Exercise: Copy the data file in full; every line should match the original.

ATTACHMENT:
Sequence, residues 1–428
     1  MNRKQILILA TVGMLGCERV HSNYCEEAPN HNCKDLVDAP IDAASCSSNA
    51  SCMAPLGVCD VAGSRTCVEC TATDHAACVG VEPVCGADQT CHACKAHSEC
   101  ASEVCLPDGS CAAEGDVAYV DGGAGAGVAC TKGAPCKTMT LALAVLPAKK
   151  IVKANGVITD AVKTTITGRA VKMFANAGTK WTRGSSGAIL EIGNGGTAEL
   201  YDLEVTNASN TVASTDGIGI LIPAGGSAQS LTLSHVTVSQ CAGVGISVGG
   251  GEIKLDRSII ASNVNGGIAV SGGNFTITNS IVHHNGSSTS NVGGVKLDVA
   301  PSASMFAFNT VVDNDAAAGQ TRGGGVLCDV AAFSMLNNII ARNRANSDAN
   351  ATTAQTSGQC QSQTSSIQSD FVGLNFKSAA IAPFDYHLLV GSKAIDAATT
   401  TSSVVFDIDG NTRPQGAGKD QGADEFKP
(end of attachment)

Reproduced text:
Sequence, residues 1–428
     1  MNRKQILILA TVGMLGCERV HSNYCEEAPN HNCKDLVDAP IDAASCSSNA
    51  SCMAPLGVCD VAGSRTCVEC TATDHAACVG VEPVCGADQT CHACKAHSEC
   101  ASEVCLPDGS CAAEGDVAYV DGGAGAGVAC TKGAPCKTMT LALAVLPAKK
   151  IVKANGVITD AVKTTITGRA VKMFANAGTK WTRGSSGAIL EIGNGGTAEL
   201  YDLEVTNASN TVASTDGIGI LIPAGGSAQS LTLSHVTVSQ CAGVGISVGG
   251  GEIKLDRSII ASNVNGGIAV SGGNFTITNS IVHHNGSSTS NVGGVKLDVA
   301  PSASMFAFNT VVDNDAAAGQ TRGGGVLCDV AAFSMLNNII ARNRANSDAN
   351  ATTAQTSGQC QSQTSSIQSD FVGLNFKSAA IAPFDYHLLV GSKAIDAATT
   401  TSSVVFDIDG NTRPQGAGKD QGADEFKP